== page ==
A leading candidate is Asahara’s second son, Takimoto said.
“If the second son, bearing Asahara’s ashes, declares himself ‘guru,’ he would gain serious religious authority,” opening a new chapter on the cult, Takimoto said.
STANDING WITH BEIJING: Carrie Lam did not explain how Hong Kong’s freedoms would be maintained, saying: ‘the best thing is to see the legislation in front of us’ Hong Kong Chief Executive Carrie Lam (林鄭月娥) yesterday said that Beijing’s proposed national security laws would not trample on the territory’s rights and freedoms, and called on citizens to wait to see the details of the legislation. Lam added her voice to an unprecedented barrage of statements by Beijing and local officials, and former Hong Kong leaders defending the legislation and seeking to reassure residents, investors and diplomats about the territory’s freedoms. “There is no need for us to worry,” Lam told a regular weekly news conference. Like others supporting the legislation, she did not explain how Hong Kong’s freedoms would be upheld. “In
STEP TOO FAR? The mandatory COVID-19 app has unprecedented access to users’ location data and forces Android users to give access to their picture and video galleries Privacy concerns over Qatar’s COVID-19 contact tracing app, a tool that is mandatory on pain of prison, have prompted a rare backlash and forced officials to offer reassurance and concessions. Like other governments around the world, Qatar has turned to mobile phones to trace people’s movements and track who they come into contact with, allowing officials to monitor infections and alert people at risk of infection. The apps use Bluetooth to ping nearby devices, which can be contacted subsequently if a user they have been near develops symptoms or tests positive for the virus, but the resultant unprecedented access to users’ location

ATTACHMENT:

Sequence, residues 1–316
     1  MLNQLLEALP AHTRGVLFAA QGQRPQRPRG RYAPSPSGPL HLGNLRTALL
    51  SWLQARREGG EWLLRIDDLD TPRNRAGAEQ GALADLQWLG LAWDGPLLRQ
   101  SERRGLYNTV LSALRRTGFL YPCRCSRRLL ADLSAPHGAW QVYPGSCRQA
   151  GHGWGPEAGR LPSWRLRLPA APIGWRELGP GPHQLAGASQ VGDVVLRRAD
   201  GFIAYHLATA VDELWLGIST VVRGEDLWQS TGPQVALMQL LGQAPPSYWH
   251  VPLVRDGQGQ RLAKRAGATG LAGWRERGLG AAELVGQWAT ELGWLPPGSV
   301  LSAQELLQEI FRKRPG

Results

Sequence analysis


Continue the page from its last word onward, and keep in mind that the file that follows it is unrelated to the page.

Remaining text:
‘CULTURE ERADICATION’: A US official said that Beijing is trying to stamp out the Uighur culture because it is not what the Chinese Communist Party deems ‘Chinese’ The US Congress on Wednesday authorized sanctions against Chinese officials over the mass incarceration of Muslim Uighurs. The US House of Representatives voted with just one dissent in favor of the Uighur Human Rights Act. Rights groups say that at least 1 million Uighurs and other Turkic Muslims in China’s northwestern Xinjiang region have been incarcerated in what Beijing calls “re-education” camps. “If America does not speak out against human rights [violations] in China because of some commercial interest, then we lose all moral authority to speak out on human rights violations any place in the world,” House Speaker Nancy Pelosi said. House Committee
UNITED STATES SpaceX launch delayed SpaceX’s launch to the International Space Station — the first crewed mission to blast off from US soil in almost a decade — was scrubbed on Wednesday due to fears of a lightning strike. With NASA astronauts Bob Behnken and Doug Hurley strapped into the Crew Dragon capsule, the launch pad platform retracted and rocket fueling under way, SpaceX made the call to abort. “We had just simply too much electricity in the atmosphere,” NASA chief Jim Bridenstine said. UNITED STATES Chinese ministry checked Twitter has applied a fact check tag to at least two posts made in March by